Skip to main content

“All who humble themselves will be exalted.” Matt. 23:12

Mission Connections
Join us on Facebook   Follow us on Twitter   Subscribe by RSS

For more information:

Mission Connections letters
Ms. Bryce (Smith) Wasser
(800) 728-7228, x5373
Send email

Mission speakers
Rachel Anderson
(800) 728-7228, x5826
Send email

Or write to
100 Witherspoon Street
Louisville, KY 40202

A letter from Kay Day in Malawi

March 2011

Dear Family and Friends,

Greetings from the warm heart of Africa.

Each day I learn more of the differences between the culture I grew up in and the one I am living in. Sometimes these differences are subtle, but they have great significance. The use of titles is one of those seemingly small differences, but it carries great weight. Titles are not all that important in the States. In fact, when someone uses his title, we tend to think he is “putting on airs” to impress. Many times he is. But not so here. Titles mean everything. When one has a title, one is addressed by that title in most situations. For instance, the session clerk of the congregation is always addressed as “alembi.” The session clerk at Limbe CCAP is Mr. Mulanje, but everyone addresses him as alembi, not using his last name, just his title. When the women’s coordinator is spoken of, it is always as mayi oyendera. This is not done to impress, but rather to show respect, to honor the position that the individual holds. I am greeted, addressed and referred to as abusa, pastor. Rarely is my last name used. The title is enough. This is true for all pastors and this is not just in church circles. When I am at the market and someone recognized me, the greeting is always abusa. I was in town with my son Thomas the other day. Neither of us was wearing a clerical collar. We met someone from his old neighborhood and the greeting was “abusa.” At official functions, people are recognized by their titles, not by their names. This is respect for what they have accomplished, where they have gotten. If one has a title, one is succeeding and this is recognized by all by using that title. The position, the function, is important.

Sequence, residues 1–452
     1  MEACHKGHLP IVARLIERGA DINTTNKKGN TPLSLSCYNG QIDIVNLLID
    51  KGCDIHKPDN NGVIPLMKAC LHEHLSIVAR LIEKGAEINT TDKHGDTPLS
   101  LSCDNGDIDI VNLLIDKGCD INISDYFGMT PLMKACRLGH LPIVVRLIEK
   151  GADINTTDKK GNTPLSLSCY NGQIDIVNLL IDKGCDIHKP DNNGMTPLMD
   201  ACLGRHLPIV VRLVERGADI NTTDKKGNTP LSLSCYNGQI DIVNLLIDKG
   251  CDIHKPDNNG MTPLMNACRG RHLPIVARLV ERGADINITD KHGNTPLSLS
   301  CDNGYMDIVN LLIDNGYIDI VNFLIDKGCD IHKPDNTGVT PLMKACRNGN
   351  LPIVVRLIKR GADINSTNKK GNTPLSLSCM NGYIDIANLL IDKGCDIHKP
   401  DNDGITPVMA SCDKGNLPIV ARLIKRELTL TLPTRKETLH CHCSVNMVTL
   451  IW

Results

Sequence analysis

I have thought a great deal about this, because it seems so strange, so artificial to me, given my background. Titles describe what one does: the function, not who the person is, from our Western perspective. And yet from a Malawian perspective, that title is more significant than the person’s name. The function, the role, places them in the culture. I began to think about this in relation to Jesus in our lives when my Malawian friends referred to him simply as Healer, in relation to my healing. This Lenten season, I have continued thinking about this in respect to the titles that Jesus bears during this season. They are so significant for the role that Jesus has in our lives as Christians: suffering servant, Redeemer, Messiah. Yes, Jesus is more than one single title, but these titles are significant in his function in our lives. There are so many titles by which we could address Jesus to show our recognition and respect for what he has done for us. The titles of Jesus honor the position that he holds in our lives; they respect and recognize what he has done for us. The position, the function, is important. I’ve begun using some of those titles in prayer as I address him. It helps me focus on that function that means the most at that moment, which deserves my attention at that time.

I invite you to pray with me in this “cross-cultural” way this Lent, to focus on titles of Jesus and the role those titles represent. I think it will broaden our understanding of who Jesus is in many of the situations of our lives. It is at least a challenging Lenten discipline to explore the various titles of Jesus at this season. I pray this Lent we all grow in our understanding of who Jesus is in our lives.

Yours in the Redeemer’s love,

Kay

The 2011 Mission Yearbook for Prayer & Study, p. 67

Topics:
Tags:

Leave a comment

Post Comment